When Naomi Biber and Ryan Lay opened the Palace Pub & Wine Bar in Cape Coral in June 2019, they wanted to connect with their hometown’s growing millennial population. For their generation, wine culture was often seen as stuffy or pretentious compared to the laid-back, approachable conversation that had developed around craft beer. “We wanted to unravel the mystery,” says Biber, who was born in Austria. “We wanted it to feel like Europe, where it’s not hard to go out for a glass of wine.” To find interesting bottles to store behind the bar, the couple often traveled to Sarasota or Naples in search of varietals beyond the expected Cabernet and Chardonnay. About a month after opening, they visited Natural Wine Naples. “At the time, we didn’t know what natural wine was,” says Biber. Owner Peter Rizzo introduced the pair to a few approachable bottles, like Redentore pinot grigio from Italy’s northern Veneto region, which Biber describes as “the tastiest pinot grigio I’ve ever had.” Afterwards, the couple brought home a misty bottle of amber grenache from Donkey and Goat, a pioneer of the natural wine movement in California. “The first time you see this wine, you think, ‘What is this? I need to try!’ You can’t even imagine what the flavor profile could be,” she says. “It tasted like the juiciest kombucha, strawberries, and yuzu.”
Intrigued (and with the help of a recommendation from Rizzo’s distributor), the duo added Redentore to their wine list. As they continued to search for new wines, they found themselves drawn to other unconventional bottles. “We were trying absolutely anything and everything,” Lay says. “Much of the wine we had fallen in love with ended up falling under the ‘natural wine’ umbrella.” Although there is no official definition of natural wine, for Biber and Lay the category is characterized by wines of small are from organic farming, use wild yeasts to start fermentation and contain little or no chemical additives. “One thing we explain to people is that wines don’t have to list ingredients [on the label],” he says. “They don’t understand that wine can be as processed as a bag of Doritos.”
Beyond the production methods, the branding and vernacular around natural wines aligned with their vision of an approachable and cool wine bar. In the trendy wine bars of Brooklyn or Los Angeles, the tables are strewn with bottles with pop art or cartoon labels. Winemakers and bottle shops on social media are posting photos of stylized bottles with captions you’ll never find in a Robert Parker review. (A recent Palace Pub Instagram post quoted Northern California winemaker Martha Stoumen, who described her white blend as tasting “like a margarita and a light white wine went on a date and got dulce de leche glazed with tamari for dessert.”)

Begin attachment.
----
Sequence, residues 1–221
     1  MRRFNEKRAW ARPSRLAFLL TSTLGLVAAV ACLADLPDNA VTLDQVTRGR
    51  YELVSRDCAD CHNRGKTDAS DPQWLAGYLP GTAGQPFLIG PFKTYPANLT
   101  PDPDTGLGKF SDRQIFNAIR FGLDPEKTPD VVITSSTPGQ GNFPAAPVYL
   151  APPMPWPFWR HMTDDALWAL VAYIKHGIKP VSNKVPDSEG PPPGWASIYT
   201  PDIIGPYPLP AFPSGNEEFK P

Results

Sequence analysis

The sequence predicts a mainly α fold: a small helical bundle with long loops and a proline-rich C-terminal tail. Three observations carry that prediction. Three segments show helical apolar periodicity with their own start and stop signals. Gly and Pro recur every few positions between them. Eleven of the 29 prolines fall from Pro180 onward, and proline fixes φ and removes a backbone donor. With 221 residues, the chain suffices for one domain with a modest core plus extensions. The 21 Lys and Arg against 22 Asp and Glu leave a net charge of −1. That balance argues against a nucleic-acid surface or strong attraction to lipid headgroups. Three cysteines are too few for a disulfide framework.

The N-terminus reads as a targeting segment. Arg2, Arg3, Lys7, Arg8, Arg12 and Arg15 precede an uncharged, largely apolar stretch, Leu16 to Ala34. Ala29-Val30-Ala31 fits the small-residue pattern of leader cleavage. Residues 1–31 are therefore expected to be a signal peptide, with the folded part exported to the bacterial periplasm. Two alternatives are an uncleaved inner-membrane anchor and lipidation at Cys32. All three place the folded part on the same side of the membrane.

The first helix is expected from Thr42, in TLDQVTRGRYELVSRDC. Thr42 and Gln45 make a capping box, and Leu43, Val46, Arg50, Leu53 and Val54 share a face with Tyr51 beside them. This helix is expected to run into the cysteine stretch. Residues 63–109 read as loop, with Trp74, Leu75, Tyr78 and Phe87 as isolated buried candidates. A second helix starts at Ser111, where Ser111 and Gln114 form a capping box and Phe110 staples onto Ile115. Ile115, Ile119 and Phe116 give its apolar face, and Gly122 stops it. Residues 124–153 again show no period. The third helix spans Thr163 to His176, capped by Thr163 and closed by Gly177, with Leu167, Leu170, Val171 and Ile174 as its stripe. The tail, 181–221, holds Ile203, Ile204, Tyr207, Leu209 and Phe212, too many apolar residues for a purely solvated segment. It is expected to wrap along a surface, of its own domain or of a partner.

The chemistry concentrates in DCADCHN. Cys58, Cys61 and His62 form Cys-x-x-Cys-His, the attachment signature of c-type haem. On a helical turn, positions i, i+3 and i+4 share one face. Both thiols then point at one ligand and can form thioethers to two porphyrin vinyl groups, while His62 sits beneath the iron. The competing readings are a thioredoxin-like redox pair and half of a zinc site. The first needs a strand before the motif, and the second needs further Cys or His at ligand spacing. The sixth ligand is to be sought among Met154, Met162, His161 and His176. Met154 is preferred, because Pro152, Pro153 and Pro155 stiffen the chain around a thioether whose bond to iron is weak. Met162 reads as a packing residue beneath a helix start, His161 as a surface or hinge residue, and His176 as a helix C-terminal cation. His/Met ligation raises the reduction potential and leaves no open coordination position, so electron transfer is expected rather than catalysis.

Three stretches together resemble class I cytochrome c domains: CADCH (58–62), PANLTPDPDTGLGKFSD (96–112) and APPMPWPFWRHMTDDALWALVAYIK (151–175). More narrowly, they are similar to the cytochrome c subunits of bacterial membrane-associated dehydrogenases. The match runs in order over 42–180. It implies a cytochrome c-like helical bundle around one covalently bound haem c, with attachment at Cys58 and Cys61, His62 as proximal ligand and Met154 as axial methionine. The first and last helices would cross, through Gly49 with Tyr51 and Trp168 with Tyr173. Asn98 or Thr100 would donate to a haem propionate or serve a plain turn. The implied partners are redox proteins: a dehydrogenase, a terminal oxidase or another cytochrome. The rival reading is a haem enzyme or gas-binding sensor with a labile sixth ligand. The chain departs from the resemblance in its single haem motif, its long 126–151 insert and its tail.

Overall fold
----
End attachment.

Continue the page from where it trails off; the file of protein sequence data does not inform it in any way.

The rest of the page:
To pique interest in their new wines, the couple placed bottles of Australian natural sparkling (a lightly sparkling sparkling wine that has become the hallmark of natural wines) in a cooler behind the bar. Much like the Donkey and Goat Grenache that piqued their interest at Natural Wine Naples, the crisp, misty pink wine has become a topic of conversation among customers. “We found that people come with friends and try as a group. Most loved it, sometimes there’s one who says, “That’s the weirdest thing I’ve ever had,” Biber laughs. “One of the things I love about natural wine is that it stimulates learning. People don’t come to the Palace just for a drink; they come to see something new.
The duo slowly incorporated more natural wines as demand grew, focusing on bottles from smaller European producers, where sustainable farming and minimal handling in the cellar are more common. “In Europe, many small wineries never introduced industrialization as it exists in California,” says Biber. “Some of these wineries have been producing wines for over 500, 600 years. They weren’t going to change what they were doing because the formula was already good.
In March 2020, a week before the COVID-19 shutdown, Palace Pub launched the retail arm of its operation and transitioned its selection to be all-natural. Unlike most wine shops, which are organized by country, the Palace Pub organizes its shelves by body, from cloudy, unfiltered whites to tannic orange wines, dark ruby-colored Italian rosés and rich reds. The layout encourages customers to browse the selection rather than gravitating towards recognizable regions. The same goes for price: bottles typically range between $25 and $35, and behind the bar, most glasses are under $10.
Since transitioning, Biber and Lay have both passed their Level 1 Sommelier exams, and Biber now works as a wine representative for a distributor, having shaped the natural wine-focused listings at Narrative Coffee Roasters of Naples, Ceremony Brewing at Bonita Springs and Fort Myers Remedies Salon. As Palace Pub continues to grow, bringing new bottles from the couple’s favorite producers, they hope to see more people, including older generations, embrace natural wine. “The conventional wine world thinks the natural wine movement is a bunch of millennial hipsters sitting around drinking faulty, imperfect wine. There are plenty of them in New York and Los Angeles, where [natural wine] really took off. It’s not like that here,” says Lays, pointing out that sustainably produced wines can still exhibit classic flavor profiles. “Florida is a new frontier for natural wine.”